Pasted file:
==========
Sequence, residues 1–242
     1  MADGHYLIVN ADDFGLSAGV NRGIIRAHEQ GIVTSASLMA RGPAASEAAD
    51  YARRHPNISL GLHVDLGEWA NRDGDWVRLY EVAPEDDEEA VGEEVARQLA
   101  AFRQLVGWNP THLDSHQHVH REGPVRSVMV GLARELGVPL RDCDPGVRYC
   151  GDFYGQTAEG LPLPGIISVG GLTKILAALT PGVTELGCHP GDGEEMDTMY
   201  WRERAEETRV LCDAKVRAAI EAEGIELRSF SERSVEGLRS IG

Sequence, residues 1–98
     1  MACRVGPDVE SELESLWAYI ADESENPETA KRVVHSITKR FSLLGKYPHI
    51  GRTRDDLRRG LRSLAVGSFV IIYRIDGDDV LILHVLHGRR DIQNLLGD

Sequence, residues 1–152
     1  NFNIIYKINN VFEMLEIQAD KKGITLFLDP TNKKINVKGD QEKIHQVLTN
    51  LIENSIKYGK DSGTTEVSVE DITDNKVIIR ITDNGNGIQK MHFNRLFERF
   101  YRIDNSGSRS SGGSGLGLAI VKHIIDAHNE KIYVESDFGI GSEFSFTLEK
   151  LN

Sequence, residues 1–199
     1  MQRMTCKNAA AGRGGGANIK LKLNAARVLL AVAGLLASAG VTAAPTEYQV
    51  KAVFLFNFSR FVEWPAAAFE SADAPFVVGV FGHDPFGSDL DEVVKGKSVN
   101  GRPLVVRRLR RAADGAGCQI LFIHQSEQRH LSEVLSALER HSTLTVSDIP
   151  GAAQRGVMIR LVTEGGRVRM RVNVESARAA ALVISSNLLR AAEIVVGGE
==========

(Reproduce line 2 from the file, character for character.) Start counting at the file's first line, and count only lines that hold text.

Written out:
     1  MADGHYLIVN ADDFGLSAGV NRGIIRAHEQ GIVTSASLMA RGPAASEAAD